3. What an excellent looking bike! There's something about a green bike with a honey saddle, clean gumwalls, and fresh shellac on the tape that really says, "classy".
    Did you do the lug lines yourself? Good call on the gold w/ the gold decal.

    I've used similar seatposts before for the oddball Schwinn sizes. The incongruity of the modern logo on the post vs. the old bike bugs me, and led me to discover that a bit of acetone takes the logo right off.


    Heh, everytime you post anything with Schwinn in it, it grabs me. I've mentioned many times my affinity for them. Made in Japan likely means that the frame was made by Panasonic, which is a very good thing, IMO.
    That's nice that Mrs. RetroGrouch rides with you.



    Wolf.

    ReplyDelete
    Replies
    1. You're right about the logos on those seat posts. A little logo removal might be in order.

      Delete
    2. Oh -- to answer your question, I did do the lug lining myself. Sharpie paint pen, extra fine point. They're easy to use, are oil-based, so mostly permanent, though if you screw it up, you can clean it off easily with alcohol.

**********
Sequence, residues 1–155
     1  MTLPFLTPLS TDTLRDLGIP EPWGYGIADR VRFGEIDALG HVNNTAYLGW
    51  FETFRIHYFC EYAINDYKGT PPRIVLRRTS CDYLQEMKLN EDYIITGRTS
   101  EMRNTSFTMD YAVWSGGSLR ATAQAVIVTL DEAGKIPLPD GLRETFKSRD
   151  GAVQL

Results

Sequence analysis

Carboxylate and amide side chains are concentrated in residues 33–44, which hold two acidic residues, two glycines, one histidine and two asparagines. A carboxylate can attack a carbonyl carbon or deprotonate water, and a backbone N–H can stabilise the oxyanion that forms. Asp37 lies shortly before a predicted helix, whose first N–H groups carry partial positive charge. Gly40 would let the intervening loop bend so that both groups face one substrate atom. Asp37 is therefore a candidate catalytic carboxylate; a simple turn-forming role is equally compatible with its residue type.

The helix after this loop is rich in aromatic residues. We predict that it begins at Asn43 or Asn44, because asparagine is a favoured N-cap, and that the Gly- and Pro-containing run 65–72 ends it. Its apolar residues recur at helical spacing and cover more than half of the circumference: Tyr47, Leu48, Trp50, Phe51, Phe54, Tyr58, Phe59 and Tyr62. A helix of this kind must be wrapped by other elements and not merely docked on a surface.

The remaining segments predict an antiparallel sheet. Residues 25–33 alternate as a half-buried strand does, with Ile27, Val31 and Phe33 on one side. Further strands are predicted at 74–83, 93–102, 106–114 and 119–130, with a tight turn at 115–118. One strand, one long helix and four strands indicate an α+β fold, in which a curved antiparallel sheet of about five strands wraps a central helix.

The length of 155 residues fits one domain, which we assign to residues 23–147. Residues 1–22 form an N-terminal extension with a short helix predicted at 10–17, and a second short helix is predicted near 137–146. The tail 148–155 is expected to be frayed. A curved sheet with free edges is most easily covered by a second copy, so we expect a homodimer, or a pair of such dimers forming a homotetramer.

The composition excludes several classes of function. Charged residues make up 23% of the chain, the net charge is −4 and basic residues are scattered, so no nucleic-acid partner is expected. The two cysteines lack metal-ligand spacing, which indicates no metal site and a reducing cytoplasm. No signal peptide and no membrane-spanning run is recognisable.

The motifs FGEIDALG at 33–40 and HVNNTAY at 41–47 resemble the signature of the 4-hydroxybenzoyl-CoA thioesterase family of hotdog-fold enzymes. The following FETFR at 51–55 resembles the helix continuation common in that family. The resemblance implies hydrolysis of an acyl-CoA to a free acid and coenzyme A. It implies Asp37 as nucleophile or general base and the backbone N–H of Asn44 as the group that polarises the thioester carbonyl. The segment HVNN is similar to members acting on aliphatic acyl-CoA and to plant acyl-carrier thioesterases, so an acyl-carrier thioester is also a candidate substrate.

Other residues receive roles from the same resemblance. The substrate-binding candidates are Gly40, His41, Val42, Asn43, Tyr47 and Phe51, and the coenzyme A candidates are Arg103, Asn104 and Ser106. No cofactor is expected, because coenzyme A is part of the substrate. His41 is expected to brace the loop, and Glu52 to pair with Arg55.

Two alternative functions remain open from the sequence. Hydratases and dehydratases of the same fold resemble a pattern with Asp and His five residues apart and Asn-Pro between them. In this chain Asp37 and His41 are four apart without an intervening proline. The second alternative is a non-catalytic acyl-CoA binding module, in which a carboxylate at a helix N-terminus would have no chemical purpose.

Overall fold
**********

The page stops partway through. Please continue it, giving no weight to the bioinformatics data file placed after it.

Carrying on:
Delete
  4. Very nice bike. The choice of colours is classic and classy.

    One question tough, what about the short brake levers on the stroker handlebar? I have never been on a tandem, so sorry if the question is stupid, but do the levers do something or its just for your hands to rest on?

    ReplyDelete
    Replies
    1. Not a dumb question. Those are called "dummy levers" though that sounds insulting. They don't actually do anything, but provide another grip. In the "before" pictures you can see the original ones, which were very simple and kind of resemble big padded knobs (and the previous owner had them installed in a weird, almost useless location). I had a nicer set that look more like brake levers with short, truncated levers.

      Delete
  5. As a point of Duo Sport trivia, the two model sizes came with different sized handle bars. I found out due to a boxing/labeling error by Schwinn. The 1989 Duo Sport was the last bicycle purchase while I was a Schwinn mechanic in college. Since I got it for 10% under wholesale I "had" to assemble it on my own time. After assembling it and taking it home I discovered that the rear was too tall for my wife who needed the 19" frame. Upon measuring I discovered that I actually had the 23/21 frame rather than the 21/19. Schwinn sent out another Duo Sport and rather than setting up another complete bike I just transferred all the parts. (Schwinn required a full setup and tune-up on new bikes including the first truing of the wheels. The transfer of parts was faster.) When I looked at the handle bars of the 21/19 I discovered that the drop and width were smaller. Due to the mix-up I came out ahead on the deal since my thighs would just touch the narrower handle bars.